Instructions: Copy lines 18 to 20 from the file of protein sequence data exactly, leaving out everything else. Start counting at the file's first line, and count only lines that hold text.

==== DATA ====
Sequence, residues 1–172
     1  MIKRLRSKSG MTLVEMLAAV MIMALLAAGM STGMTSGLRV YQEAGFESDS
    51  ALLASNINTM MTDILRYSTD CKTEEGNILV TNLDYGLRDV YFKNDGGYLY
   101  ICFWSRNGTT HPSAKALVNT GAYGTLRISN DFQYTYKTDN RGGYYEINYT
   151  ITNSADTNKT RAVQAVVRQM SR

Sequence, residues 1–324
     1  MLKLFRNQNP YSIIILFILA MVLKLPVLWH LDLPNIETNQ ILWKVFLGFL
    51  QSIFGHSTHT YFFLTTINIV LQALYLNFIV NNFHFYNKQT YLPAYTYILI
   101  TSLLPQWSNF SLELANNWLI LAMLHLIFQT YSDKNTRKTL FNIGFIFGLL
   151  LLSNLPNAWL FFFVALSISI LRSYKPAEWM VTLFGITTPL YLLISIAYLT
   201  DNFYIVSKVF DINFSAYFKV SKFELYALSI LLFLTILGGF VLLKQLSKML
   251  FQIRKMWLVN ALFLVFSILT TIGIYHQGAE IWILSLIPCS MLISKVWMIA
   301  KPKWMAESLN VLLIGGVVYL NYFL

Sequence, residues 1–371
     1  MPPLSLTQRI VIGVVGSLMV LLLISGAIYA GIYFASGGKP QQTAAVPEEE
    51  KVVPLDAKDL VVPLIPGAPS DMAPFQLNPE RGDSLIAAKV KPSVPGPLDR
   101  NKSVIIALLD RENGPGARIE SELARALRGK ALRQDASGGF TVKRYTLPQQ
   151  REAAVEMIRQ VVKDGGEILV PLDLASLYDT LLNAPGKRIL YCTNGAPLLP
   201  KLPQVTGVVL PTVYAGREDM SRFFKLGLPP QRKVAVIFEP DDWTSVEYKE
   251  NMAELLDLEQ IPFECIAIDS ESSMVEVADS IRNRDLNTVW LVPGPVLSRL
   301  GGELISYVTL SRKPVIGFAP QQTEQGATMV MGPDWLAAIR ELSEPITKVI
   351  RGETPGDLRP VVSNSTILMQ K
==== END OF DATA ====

   151  REAAVEMIRQ VVKDGGEILV PLDLASLYDT LLNAPGKRIL YCTNGAPLLP
   201  KLPQVTGVVL PTVYAGREDM SRFFKLGLPP QRKVAVIFEP DDWTSVEYKE
   251  NMAELLDLEQ IPFECIAIDS ESSMVEVADS IRNRDLNTVW LVPGPVLSRL